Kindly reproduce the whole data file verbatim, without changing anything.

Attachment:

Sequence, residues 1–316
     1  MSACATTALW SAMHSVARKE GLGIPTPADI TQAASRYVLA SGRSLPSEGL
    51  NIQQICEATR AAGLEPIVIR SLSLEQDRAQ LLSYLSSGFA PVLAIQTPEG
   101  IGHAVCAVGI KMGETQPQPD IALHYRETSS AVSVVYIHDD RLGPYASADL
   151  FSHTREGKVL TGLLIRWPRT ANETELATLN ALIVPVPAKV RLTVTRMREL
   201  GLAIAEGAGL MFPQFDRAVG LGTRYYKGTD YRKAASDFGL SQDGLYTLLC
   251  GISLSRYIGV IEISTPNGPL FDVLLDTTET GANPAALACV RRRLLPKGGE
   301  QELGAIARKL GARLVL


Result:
Sequence, residues 1–316
     1  MSACATTALW SAMHSVARKE GLGIPTPADI TQAASRYVLA SGRSLPSEGL
    51  NIQQICEATR AAGLEPIVIR SLSLEQDRAQ LLSYLSSGFA PVLAIQTPEG
   101  IGHAVCAVGI KMGETQPQPD IALHYRETSS AVSVVYIHDD RLGPYASADL
   151  FSHTREGKVL TGLLIRWPRT ANETELATLN ALIVPVPAKV RLTVTRMREL
   201  GLAIAEGAGL MFPQFDRAVG LGTRYYKGTD YRKAASDFGL SQDGLYTLLC
   251  GISLSRYIGV IEISTPNGPL FDVLLDTTET GANPAALACV RRRLLPKGGE
   301  QELGAIARKL GARLVL